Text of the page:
(b. 19 June 1941).
Prime Minister of the Czech Lands 1992; Prime Minister of the Czech Republic 1993–98; President of the Czech Republic, 2003–Born in Prague, he received a doctorate in economics in 1967 and joined the Academy of Science. Owing to his democratic views he was forced to resign in 1970, and to take employment in the state bank. During the Velvet Revolution of 1989, he was the economic spokesman for the civil rights movement. He became Minister of Finance after the collapse of the Communist regime. In 1991, he became President of the Democratic Citizens' Party (ODS), which won the Czech general election of 1992. Klaus thus became Prime Minister of the Czech part of Czechoslovakia, which became independent on 1 January 1993. He carried out the most radical monetarist economic reforms of any leader of a former Comecon state. Between October 1991 and October 1994, more than six million Czechs were given shares in over 1,800 companies. In 1998, he was forced to resign owing to accusations of corruption involving political payments from privatized companies. He continued to be an influential figure in Czech politics as President of the House of Representatives. In 2003, Klaus benefited from the disunity of the governing coalition, and was elected President. Even though his duties were largely ceremonial, he occupied an important position in the political crisis of 2006–7, when no party was able to form a stable government following the elections of June 2006.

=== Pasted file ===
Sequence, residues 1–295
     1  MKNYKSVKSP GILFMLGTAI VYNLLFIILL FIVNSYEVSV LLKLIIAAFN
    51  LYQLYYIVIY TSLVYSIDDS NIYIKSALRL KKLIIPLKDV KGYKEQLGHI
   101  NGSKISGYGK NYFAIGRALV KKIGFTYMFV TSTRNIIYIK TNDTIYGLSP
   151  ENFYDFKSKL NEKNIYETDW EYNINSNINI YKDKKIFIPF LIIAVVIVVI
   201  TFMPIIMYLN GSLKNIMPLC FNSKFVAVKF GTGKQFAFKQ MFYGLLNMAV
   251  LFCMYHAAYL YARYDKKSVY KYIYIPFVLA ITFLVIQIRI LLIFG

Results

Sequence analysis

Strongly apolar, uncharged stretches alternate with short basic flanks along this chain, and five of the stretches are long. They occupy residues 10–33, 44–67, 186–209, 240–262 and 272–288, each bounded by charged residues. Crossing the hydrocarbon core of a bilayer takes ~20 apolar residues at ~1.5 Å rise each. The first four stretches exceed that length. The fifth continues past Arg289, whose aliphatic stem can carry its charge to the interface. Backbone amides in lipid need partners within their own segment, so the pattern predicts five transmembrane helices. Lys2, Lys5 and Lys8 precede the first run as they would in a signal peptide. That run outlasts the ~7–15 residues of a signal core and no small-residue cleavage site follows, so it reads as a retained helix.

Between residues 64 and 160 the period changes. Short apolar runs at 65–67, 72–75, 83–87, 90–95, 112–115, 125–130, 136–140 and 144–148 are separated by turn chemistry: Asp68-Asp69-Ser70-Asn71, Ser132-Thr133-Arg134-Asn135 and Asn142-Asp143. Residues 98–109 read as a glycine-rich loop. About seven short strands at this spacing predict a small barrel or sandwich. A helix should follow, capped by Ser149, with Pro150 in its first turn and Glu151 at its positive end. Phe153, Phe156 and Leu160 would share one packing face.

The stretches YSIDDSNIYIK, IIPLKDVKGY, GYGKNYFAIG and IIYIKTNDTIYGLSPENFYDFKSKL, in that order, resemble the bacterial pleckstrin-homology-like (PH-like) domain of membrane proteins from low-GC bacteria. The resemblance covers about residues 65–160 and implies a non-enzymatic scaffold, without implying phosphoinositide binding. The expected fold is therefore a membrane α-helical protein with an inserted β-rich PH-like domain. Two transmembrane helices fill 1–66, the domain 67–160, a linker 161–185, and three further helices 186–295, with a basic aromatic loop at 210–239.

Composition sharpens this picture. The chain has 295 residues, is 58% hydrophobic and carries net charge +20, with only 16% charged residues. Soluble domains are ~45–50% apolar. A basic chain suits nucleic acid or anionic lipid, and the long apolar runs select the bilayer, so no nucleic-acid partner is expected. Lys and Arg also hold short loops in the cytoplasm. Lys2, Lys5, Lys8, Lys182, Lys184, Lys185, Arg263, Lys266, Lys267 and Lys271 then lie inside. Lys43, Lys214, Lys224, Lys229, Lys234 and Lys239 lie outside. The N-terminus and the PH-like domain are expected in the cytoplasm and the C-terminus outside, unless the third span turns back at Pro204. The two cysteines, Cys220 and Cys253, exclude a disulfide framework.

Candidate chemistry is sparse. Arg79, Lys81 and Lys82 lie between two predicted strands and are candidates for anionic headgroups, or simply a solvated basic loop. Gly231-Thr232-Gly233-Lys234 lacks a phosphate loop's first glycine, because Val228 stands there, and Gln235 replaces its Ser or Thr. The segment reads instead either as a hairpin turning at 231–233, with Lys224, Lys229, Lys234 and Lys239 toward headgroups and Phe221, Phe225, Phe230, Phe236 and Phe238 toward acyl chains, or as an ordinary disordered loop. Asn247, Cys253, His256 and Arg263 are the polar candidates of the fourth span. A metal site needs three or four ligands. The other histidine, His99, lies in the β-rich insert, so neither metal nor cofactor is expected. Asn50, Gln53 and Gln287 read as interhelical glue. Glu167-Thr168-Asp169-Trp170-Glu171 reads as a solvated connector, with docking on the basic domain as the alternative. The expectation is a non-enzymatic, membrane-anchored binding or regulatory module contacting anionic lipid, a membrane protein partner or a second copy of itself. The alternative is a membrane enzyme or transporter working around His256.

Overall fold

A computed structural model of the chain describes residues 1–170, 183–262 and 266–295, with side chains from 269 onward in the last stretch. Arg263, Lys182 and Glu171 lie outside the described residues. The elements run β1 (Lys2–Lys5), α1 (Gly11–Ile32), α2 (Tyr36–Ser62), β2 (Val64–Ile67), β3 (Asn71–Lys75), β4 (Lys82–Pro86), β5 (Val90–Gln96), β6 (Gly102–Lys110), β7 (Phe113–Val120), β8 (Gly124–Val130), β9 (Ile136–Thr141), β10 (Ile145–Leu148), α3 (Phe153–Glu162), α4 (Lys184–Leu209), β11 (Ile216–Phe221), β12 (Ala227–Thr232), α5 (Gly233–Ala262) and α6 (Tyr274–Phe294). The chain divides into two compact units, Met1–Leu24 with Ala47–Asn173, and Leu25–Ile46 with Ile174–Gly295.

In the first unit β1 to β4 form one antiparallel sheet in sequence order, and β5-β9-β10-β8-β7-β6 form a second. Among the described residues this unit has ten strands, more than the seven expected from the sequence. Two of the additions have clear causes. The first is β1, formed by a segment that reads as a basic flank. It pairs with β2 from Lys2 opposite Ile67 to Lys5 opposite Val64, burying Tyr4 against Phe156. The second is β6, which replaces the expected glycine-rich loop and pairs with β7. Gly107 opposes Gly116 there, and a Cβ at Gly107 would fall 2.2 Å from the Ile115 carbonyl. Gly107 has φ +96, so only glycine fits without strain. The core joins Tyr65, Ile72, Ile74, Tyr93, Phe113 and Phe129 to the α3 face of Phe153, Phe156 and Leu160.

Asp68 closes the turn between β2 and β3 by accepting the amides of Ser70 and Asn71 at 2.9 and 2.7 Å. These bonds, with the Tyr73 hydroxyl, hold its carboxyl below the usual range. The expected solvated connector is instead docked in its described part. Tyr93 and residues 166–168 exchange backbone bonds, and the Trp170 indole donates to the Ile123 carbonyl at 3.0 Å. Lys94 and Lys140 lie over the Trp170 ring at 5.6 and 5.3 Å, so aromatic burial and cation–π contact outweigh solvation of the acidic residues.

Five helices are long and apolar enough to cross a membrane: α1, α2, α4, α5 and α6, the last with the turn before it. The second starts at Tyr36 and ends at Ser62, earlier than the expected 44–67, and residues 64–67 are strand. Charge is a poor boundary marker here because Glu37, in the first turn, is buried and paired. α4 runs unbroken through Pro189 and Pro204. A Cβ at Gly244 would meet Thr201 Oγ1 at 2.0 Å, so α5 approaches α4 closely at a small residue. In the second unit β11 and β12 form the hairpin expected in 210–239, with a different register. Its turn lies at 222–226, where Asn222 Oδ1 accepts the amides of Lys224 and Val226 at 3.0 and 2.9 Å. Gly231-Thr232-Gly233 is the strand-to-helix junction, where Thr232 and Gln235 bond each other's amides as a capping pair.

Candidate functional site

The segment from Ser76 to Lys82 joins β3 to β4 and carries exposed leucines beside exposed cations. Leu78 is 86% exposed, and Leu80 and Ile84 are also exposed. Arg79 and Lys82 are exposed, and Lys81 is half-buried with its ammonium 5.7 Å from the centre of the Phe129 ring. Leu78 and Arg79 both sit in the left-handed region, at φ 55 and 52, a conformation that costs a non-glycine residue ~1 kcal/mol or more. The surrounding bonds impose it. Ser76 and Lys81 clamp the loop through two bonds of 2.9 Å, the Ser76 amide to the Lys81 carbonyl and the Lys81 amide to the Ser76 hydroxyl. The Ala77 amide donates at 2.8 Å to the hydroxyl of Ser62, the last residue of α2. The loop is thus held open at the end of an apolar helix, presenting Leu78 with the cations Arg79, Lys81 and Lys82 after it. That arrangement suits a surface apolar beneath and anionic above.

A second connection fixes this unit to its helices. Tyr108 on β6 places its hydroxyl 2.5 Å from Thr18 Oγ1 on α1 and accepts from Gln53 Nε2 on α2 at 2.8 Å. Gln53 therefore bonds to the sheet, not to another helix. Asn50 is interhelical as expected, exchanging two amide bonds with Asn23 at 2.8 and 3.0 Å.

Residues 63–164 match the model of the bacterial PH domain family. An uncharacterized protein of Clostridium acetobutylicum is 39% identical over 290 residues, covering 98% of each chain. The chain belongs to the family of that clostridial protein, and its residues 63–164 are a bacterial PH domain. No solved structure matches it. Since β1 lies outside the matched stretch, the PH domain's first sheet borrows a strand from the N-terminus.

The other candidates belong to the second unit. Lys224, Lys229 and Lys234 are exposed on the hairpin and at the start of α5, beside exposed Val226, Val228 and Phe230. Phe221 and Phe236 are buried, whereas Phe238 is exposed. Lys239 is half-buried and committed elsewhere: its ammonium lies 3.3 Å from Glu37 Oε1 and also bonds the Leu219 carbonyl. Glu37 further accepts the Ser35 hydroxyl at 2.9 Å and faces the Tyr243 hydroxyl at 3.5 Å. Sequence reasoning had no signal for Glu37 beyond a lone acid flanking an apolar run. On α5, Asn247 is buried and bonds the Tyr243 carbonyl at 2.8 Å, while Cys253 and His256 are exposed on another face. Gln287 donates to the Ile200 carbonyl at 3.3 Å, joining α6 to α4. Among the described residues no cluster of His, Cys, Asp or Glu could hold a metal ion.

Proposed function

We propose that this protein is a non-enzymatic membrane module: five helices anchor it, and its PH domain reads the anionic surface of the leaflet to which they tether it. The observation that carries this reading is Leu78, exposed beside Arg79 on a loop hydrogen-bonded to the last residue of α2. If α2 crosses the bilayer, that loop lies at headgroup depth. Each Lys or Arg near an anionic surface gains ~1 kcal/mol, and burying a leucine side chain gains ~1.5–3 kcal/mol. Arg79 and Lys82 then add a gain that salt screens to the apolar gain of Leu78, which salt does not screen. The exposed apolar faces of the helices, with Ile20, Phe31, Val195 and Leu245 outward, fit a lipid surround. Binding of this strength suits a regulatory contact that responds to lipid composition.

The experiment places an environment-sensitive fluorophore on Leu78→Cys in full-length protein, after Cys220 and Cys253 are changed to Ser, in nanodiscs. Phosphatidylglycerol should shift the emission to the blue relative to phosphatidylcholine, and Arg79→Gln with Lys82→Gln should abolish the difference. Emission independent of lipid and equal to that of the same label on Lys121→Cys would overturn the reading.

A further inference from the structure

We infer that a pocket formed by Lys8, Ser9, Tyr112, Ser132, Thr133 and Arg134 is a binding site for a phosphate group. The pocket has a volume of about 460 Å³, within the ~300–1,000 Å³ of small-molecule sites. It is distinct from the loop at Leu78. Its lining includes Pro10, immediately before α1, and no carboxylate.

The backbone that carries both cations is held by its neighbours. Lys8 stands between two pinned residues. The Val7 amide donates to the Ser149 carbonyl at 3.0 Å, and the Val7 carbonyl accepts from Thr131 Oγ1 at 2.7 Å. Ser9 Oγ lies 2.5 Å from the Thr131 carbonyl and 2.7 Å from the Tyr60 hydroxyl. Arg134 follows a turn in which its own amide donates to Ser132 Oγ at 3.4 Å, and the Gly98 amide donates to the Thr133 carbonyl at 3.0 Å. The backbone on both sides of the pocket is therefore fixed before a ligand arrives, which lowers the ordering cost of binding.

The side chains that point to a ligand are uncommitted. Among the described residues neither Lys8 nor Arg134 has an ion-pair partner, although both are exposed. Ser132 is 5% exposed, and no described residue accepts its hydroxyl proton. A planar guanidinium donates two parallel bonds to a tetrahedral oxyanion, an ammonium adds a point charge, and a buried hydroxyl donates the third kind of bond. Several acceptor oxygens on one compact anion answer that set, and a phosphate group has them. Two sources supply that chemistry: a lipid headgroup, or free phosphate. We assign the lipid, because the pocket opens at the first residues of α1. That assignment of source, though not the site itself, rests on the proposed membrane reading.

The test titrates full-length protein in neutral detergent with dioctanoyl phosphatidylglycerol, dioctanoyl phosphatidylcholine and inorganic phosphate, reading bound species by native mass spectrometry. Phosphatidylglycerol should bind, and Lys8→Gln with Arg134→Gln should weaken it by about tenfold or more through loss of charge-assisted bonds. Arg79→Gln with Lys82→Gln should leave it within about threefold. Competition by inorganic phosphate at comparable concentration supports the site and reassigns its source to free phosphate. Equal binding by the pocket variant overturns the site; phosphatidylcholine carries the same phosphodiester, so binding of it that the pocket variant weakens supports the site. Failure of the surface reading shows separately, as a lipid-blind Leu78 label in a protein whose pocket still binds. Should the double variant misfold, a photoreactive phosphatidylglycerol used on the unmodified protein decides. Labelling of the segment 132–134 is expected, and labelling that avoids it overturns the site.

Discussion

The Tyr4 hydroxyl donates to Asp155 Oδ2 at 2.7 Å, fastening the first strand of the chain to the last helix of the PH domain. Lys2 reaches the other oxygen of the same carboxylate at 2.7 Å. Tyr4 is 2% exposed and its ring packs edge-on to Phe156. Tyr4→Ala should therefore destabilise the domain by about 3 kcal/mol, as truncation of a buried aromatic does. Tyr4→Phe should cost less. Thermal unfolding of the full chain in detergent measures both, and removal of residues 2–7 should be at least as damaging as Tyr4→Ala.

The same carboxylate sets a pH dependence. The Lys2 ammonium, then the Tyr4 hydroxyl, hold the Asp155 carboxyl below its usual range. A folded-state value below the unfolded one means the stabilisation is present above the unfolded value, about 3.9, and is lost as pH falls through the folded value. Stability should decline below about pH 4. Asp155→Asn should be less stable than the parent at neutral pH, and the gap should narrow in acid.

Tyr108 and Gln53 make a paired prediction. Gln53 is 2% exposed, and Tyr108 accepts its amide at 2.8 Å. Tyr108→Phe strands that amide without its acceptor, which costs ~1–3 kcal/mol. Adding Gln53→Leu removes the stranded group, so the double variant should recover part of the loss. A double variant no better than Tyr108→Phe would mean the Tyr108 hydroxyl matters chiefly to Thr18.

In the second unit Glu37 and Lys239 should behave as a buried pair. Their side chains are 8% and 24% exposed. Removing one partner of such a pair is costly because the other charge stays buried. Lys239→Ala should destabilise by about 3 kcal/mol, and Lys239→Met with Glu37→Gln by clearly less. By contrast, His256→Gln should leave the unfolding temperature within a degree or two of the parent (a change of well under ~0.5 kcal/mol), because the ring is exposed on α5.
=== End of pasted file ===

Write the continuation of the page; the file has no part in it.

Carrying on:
Subjects: Politics — Contemporary History (Post 1945).